Irish Independent - Weekend Review - - ON THE ROAD - KATHY DON­AGHY

The area around Glen­colm­cille on the Slieve League Penin­sula at the south-west point of Co Done­gal is an out­door lover’s par­adise. The area is bounded on the south by the moun­tains of Sli­abh Liag and Lea­han and on the north by Slieve Tooey. To the west lies the wild At­lantic Ocean.

To get there, vis­i­tors drive through Killy­begs, which is a per­fect base to ex­plore what lies fur­ther west. Sight-see­ing tours of the stun­ning sea cliffs at Slieve League can be ar­ranged from here as well as fish­ing trips and boat trips.

Tak­ing the road west out of Killy­begs you’ll find some of the most dra­matic coast­line in this coun­try as the Wild At­lantic Way sweeps through the pic­turesque vil­lage of Kil­car and be­yond to Glen­colm­cille.

Just a few miles from Killy­begs lies Fin­tra beach, a beau­ti­ful sandy beach of­fer­ing stun­ning views of Done­gal Bay as far as Ben­bul­ben Moun­tain in Co Sligo. Life­guards man this blue flag beach from June to Septem­ber.

The vil­lage of Kil­car, where Sex and the City ac­tress Sarah Jes­sica Parker and her hus­band Matthew Brod­er­ick have a hol­i­day home, plays host to its own fleadh kick­ing off next month (Au­gust 6 to 11).

Fur­ther west, from Teelin Pier, you can or­gan­ise boat trips and sight-see­ing ex­cur­sions to the fa­mous sea cliffs and view them from be­low as they tower 600 me­tres above. Some­times vis­i­tors are joined by dol­phins, whales and seals. Bask­ing sharks have also been spot­ted as they feed on plank­ton.

Land lub­bers can drive up to the main view­ing area of the cliffs or, if you’re among the faint-hearted, use the car park on the way and walk the rest. The Slieve League Cliffs are nearly three times the height of their Co Clare sis­ters, the Cliffs of Mo­her, so you’re ad­vised to take care when tread­ing th­ese coastal paths.

On the high slopes of Slieve League there are re­mains of an early Chris­tian monas­tic site, with chapel and bee­hive huts. There are also an­cient stone re­mains that sug­gest that the moun­tain was a site of pil­grim­age be­fore the ar­rival of Chris­tian­ity. At Car­ri­gan Head, on the way to the main view­ing area, you can see a Sig­nal Tower built in the early years of the 19th cen­tury to watch for a pos­si­ble French in­va­sion. Close to the view­ing area you can see stones which marked out the word ‘Éire’ as a nav­i­ga­tion aid for air­craft dur­ing WWII.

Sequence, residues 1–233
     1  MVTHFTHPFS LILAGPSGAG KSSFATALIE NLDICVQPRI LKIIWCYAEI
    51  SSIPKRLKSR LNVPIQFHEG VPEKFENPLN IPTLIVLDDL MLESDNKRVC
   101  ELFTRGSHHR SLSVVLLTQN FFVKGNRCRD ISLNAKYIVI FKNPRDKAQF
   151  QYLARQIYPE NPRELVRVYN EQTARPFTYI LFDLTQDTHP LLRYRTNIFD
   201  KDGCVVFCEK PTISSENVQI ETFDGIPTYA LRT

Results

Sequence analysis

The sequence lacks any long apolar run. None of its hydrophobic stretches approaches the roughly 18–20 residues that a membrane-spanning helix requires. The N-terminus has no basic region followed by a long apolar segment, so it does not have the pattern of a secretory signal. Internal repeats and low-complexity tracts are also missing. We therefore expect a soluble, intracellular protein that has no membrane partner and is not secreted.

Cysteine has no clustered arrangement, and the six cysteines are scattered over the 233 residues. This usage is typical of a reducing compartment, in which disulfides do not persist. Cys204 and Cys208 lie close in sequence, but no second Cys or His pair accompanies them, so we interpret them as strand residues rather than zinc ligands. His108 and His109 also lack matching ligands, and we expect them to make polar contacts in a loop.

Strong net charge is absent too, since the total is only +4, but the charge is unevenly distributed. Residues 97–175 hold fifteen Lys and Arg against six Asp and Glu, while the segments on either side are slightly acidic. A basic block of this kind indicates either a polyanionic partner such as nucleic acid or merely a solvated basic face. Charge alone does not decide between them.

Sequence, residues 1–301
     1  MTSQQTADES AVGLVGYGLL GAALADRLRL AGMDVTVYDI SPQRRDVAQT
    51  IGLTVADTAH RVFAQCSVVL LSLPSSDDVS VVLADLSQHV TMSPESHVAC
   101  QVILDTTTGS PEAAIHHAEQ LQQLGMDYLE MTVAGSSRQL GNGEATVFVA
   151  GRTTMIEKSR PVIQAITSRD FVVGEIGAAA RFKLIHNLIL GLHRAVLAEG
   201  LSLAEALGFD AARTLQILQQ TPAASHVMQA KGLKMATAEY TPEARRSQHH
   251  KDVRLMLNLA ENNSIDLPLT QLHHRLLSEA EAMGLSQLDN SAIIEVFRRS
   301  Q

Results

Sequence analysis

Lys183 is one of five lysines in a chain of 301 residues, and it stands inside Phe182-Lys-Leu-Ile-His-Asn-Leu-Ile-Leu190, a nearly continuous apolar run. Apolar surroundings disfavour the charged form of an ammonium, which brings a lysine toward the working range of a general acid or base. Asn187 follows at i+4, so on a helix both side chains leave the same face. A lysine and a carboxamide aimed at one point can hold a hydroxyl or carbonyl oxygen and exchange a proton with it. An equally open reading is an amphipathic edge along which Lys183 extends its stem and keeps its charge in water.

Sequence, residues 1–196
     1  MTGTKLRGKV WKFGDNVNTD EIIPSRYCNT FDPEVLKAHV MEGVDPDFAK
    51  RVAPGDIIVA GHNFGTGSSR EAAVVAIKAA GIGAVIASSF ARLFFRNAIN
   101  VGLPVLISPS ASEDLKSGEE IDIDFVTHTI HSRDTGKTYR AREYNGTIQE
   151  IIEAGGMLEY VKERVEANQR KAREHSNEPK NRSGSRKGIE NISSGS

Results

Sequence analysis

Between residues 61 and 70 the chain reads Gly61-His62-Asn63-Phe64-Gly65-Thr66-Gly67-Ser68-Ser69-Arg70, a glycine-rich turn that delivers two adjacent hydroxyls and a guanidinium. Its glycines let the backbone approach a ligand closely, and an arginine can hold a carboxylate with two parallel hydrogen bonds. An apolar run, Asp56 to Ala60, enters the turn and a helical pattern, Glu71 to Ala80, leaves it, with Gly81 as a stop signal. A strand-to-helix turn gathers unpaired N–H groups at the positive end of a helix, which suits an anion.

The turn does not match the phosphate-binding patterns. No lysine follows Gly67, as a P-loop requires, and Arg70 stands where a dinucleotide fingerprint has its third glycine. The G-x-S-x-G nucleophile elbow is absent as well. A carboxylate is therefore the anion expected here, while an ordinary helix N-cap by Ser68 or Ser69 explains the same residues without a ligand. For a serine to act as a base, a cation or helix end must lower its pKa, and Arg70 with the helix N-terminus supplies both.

In and around Glen­colm­cille, known lo­cally as Glen, lies one of the most beau­ti­ful and of­ten-pic­tured beaches in all of Done­gal. The Sil­ver Strand beach is a horse­shoe shaped cove ac­cessed by steps down to the beach.

The Folk Vil­lage in Glen, oth­er­wise known as Fr McDyer’s Folk Vil­lage Mu­seum, of­fers a glimpse of what life was like in ear­lier times. It’s made up of a clus­ter of sev­eral small cot­tages, called a ‘clachan’, perched on a hill­side over­look­ing the sandy curve of Glen Bay.

Each cot­tage is an ex­act replica of a dwelling used by the lo­cal peo­ple in each of the 18th, 19th and 20th cen­turies and is equipped with the fur­ni­ture, arte­facts and uten­sils of its par­tic­u­lar pe­riod. A re­con­structed school house, fish­er­man’s dwelling and tiny pub-gro­cer of­fer ad­di­tional in­sights into ru­ral Ir­ish life in one of the most re­mote cor­ners of the coun­try.

Tra­di­tional mu­sic, par­tic­u­larly the fid­dle, has a long and vi­brant his­tory in south west Done­gal.

The old-style is fast and at­tack­ing with lit­tle or­na­men­ta­tion. It may be heard through­out the year at seisiún in pri­vate houses and in lo­cal pubs.

The his­tory of the tex­tile in­dus­try is also rich in this part of Done­gal. Since the mid-1700s, sheep­rear­ing and the as­so­ci­ated do­mes­tic in­dus­tries of weav­ing and knit­ting have been an im­por­tant part of the fab­ric of lo­cal com­mu­ni­ties.

One lo­cal knit­ting com­pany mak­ing waves in­ter­na­tion­ally is Fish­er­man out of Ire­land, based in Kil­car. Their motto is that while they’re sit­u­ated on edge of Europe in the mid­dle of nowhere, they ex­port 70pc of what they make to the four cor­ners of the globe.

See­er­manout­ofire­, www.glen­folkvil­ and www.go­v­is­it­done­ for more in­for­ma­tion

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